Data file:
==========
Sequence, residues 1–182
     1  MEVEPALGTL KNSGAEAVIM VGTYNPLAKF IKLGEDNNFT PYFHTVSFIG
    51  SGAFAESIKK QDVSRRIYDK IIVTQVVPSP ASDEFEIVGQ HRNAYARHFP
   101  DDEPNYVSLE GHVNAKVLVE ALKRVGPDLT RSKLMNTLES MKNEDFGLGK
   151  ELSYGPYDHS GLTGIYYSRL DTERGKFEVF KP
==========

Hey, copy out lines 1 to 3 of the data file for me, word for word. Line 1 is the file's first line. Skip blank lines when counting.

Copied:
Sequence, residues 1–182
     1  MEVEPALGTL KNSGAEAVIM VGTYNPLAKF IKLGEDNNFT PYFHTVSFIG
    51  SGAFAESIKK QDVSRRIYDK IIVTQVVPSP ASDEFEIVGQ HRNAYARHFP